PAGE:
"Cellular CCTV" provides a new tool to monitor how leukaemia cells elude drugs

"Cellular CCTV" provides a new tool to monitor how leukaemia cells elude drugs

'Scientists have long wondered how some leukemia cells are able to so effectively evade the forces of chemotherapy to pop up again after multiple treatments. One of the leading schools of thought was that they take cover in the bone marrow while the chemical storm passes, but new research has flipped this on its head. Using an advanced imaging technique, scientists have watched as treatment-resistant leukemia cells teased chemotherapy into a high-stakes game of tag, an observation that opens up new ways in which we may be able to stop the deadly disease in its tracks.'

(Note this tool was used to study Acute Lymphoblastic Leukemia (ALL) cells in a mouse model, not CLL cells, but the same technique should work with CLL research

Nature article:

nature.com/nature/journal/v...

NewAtlas layman's summary of this new research:

newatlas.com/cancer-cells-t...

Neil

Photo: Life struggles on. It's amazing what you find on the beach after a storm on Kangaroo Island This eucalyptus tree remains healthy after having the sand washed out from under it. I suspect the roots you can see trailing to the right into the remains of a sand hill, grew that way (away from the salty sea water) and are still able to provide the tree with fresh water and nutrients.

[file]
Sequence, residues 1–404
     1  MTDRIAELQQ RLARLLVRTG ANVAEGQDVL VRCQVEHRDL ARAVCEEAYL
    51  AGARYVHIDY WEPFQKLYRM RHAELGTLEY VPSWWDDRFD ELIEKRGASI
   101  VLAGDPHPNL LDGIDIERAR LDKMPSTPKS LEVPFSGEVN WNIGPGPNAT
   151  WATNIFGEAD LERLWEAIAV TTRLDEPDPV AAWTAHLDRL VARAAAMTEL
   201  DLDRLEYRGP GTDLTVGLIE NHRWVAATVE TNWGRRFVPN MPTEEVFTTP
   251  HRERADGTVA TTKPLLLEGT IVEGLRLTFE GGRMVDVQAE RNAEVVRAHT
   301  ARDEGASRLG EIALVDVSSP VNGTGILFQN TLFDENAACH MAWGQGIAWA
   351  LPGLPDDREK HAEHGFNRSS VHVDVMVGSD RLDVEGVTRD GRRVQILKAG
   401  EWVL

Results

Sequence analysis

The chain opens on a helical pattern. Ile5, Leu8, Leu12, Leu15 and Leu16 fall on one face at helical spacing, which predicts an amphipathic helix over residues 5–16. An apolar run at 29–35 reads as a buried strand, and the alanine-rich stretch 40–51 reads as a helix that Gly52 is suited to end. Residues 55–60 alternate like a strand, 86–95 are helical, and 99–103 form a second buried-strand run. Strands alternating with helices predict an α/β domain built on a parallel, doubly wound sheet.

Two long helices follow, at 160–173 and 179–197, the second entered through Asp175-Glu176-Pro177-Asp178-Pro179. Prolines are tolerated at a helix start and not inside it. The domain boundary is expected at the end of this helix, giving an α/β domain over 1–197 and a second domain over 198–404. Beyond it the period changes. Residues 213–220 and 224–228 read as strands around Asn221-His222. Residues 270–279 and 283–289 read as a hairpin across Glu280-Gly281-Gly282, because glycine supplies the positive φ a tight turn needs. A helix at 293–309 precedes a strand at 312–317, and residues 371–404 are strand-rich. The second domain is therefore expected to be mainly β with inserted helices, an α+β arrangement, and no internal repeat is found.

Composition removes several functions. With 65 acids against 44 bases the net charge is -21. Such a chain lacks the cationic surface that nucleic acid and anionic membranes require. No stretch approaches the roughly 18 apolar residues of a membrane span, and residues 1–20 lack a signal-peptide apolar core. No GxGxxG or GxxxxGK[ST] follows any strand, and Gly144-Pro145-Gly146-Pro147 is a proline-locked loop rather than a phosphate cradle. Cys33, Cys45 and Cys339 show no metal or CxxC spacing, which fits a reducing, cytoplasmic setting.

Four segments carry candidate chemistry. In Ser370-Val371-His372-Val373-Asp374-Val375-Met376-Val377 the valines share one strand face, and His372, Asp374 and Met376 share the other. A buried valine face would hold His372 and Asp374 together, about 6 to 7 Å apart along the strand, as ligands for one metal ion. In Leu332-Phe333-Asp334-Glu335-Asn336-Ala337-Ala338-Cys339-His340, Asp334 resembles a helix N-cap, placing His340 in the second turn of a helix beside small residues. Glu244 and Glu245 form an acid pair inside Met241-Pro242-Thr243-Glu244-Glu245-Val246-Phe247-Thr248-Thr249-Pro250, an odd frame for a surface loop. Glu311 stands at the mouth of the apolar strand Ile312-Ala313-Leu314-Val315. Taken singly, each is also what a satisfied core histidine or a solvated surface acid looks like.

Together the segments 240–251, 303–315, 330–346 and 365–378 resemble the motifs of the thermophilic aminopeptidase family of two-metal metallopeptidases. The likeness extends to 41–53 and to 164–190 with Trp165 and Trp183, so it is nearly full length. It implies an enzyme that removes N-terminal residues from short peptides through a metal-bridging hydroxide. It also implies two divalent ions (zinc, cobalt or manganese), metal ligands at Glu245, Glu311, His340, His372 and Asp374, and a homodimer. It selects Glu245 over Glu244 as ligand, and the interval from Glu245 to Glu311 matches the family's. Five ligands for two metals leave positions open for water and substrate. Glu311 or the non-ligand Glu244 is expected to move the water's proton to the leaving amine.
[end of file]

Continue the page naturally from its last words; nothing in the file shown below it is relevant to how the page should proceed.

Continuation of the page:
3 Replies

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  • Great photo Neil. Kangaroo Island looks very inviting. :-) Interesting the way the tree is thriving, in spite of its difficult environment. Looks like it's made some unexpected adaptations but is doing well. Bit like some of us CLLers, maybe?

  • Interesting article Neil. it will be interesting to see what happens with this in the future.

    Great photo - seeing the root system exposed like that is amazing.

    Netty

  • Thanks for sharing both links Neil. I tried reading the Nature article first and only had to look up definitions for stochastic, lymphoblastic, perivascular, endogenous, osteoblastic, and haematopoietic stem cell function. Then I had to double check the definition of promiscuous interactions.

    Anyway, the layman's summary was very helpful. :)

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